Adjective "apologetic" definition and examples

(Apologetic may not be an adjective, but it can be used as an adjective, click here to find out.)



Definitions and examples


Expressing or showing regretful acknowledgement of an offence or failure.
  1. 'an apologetic smile'
  2. 'Liz's face altered from smiling and cheerful to regretful and apologetic.'
  3. 'He is apologetic for his inability to produce snappy soundbites to sum up these feelings, but I'm glad: this is a heartfelt, uncontainable outburst.'
  4. 'For all the permutations that produced, the music seemed slightly apologetic.'
  5. '‘As much as I would love to, I have already made plans, sorry,’ I said, giving him an apologetic smile.'
  6. 'I also took this approach because I was not apologetic about my creative product.'
  7. 'An apologetic commuter-rail crew.'
  8. 'The shrug is hardly perceptible, the smile almost apologetic.'
  9. 'Diana huffed and I gave her an apologetic smile.'
  10. 'The typist smiles to himself as the story returns like an apologetic lover, penitent, regretful and contrite.'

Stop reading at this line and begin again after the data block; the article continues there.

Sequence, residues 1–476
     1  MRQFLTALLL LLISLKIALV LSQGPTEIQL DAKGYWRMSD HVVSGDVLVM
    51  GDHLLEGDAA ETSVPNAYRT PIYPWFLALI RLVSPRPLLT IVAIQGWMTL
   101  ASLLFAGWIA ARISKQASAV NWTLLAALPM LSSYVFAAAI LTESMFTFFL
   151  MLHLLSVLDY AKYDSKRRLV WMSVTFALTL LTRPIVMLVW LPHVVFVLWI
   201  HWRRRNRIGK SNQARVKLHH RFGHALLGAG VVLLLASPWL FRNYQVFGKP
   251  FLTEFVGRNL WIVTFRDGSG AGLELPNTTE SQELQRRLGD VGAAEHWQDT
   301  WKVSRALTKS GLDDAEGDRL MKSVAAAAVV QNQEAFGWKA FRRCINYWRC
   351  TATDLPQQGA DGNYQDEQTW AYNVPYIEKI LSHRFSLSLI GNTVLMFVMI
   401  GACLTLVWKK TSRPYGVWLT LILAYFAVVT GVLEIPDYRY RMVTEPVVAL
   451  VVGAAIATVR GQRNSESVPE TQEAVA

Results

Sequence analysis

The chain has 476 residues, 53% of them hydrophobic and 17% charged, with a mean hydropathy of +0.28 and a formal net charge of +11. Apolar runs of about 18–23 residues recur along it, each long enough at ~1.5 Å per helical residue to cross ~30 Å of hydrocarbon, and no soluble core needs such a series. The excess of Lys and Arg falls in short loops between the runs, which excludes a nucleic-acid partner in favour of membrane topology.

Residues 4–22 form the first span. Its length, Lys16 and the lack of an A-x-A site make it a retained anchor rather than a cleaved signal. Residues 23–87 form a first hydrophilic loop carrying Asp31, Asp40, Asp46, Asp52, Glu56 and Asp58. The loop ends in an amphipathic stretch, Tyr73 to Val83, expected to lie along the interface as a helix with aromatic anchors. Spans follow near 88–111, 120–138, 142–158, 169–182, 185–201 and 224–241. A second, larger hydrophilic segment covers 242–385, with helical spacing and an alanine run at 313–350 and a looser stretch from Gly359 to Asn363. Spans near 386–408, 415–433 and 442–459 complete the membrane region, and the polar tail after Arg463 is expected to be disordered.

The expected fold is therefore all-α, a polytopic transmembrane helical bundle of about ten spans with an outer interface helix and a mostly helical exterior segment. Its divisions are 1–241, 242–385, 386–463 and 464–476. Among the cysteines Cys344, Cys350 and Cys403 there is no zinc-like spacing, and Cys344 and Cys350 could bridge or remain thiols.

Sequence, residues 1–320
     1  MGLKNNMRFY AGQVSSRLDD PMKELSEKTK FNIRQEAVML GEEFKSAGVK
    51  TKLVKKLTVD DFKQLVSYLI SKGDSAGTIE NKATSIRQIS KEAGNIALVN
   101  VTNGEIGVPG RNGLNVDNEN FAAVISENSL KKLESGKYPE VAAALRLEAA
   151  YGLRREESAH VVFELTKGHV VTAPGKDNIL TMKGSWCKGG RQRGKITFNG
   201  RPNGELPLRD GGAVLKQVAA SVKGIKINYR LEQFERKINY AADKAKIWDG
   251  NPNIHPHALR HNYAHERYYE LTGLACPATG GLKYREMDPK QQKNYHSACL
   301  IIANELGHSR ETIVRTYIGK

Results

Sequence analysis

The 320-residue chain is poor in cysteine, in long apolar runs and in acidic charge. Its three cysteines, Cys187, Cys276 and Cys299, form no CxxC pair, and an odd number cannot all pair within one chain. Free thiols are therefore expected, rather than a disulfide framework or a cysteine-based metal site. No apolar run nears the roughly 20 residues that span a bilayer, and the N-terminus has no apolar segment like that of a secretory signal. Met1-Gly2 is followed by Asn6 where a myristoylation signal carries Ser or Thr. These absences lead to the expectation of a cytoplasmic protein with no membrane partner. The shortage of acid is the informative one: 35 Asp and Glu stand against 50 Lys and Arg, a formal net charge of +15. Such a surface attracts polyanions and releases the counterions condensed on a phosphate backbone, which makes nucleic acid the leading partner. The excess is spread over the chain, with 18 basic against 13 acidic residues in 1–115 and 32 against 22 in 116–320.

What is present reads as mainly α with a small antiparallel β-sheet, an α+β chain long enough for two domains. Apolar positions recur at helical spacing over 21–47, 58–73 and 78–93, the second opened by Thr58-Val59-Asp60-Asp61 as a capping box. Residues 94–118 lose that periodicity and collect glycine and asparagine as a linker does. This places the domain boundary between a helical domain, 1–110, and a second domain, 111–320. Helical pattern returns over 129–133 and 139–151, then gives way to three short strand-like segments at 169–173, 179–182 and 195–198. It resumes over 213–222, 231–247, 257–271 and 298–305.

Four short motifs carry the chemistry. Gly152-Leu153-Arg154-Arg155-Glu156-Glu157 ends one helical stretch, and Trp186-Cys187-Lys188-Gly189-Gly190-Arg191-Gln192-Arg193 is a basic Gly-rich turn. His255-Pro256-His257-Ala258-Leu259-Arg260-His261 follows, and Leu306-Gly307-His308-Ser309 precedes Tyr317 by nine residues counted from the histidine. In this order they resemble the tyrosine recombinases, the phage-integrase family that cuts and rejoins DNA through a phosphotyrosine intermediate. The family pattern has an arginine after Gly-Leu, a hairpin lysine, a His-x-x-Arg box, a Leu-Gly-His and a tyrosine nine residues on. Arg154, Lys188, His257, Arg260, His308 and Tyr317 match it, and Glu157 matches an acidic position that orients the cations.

11. 'Defending, the lawyer said his client was apologetic and very much regretted the incident.'
Constituting a formal defence or justification of a theory or doctrine.
  1. 'The apologetic justification of church division has in many cases been a source of heated confessional intolerance.'
  2. 'He proposed that the apologetic task is to show a person how their worldview contradicts their own common sense data, and how that data really fits within a Christian worldview.'
  3. 'That is the apologetic sermon considering the situation of various religions.'

More definitions

1. containing an apology or excuse for a fault, failure, insult, injury, etc.: An apologetic letter to his creditors explained the delay.

2. defending by speech or writing.

3. willing or eager to apologize.

4. sorry; regretful.

More examples(as adjective)

"sees can be apologetic for accidents."

"people can be apologetic to lees."

"people can be apologetic for hittings."

"people can be apologetic for actions."

"people can be apologetic at things."

More examples++


Late Middle English (as a noun denoting a formal justification): from French apologétique or late Latin apologeticus, from Greek apologētikos, from apologeisthei ‘speak in one's own defence’, from apologia (see apology). The current sense dates from the mid 19th century.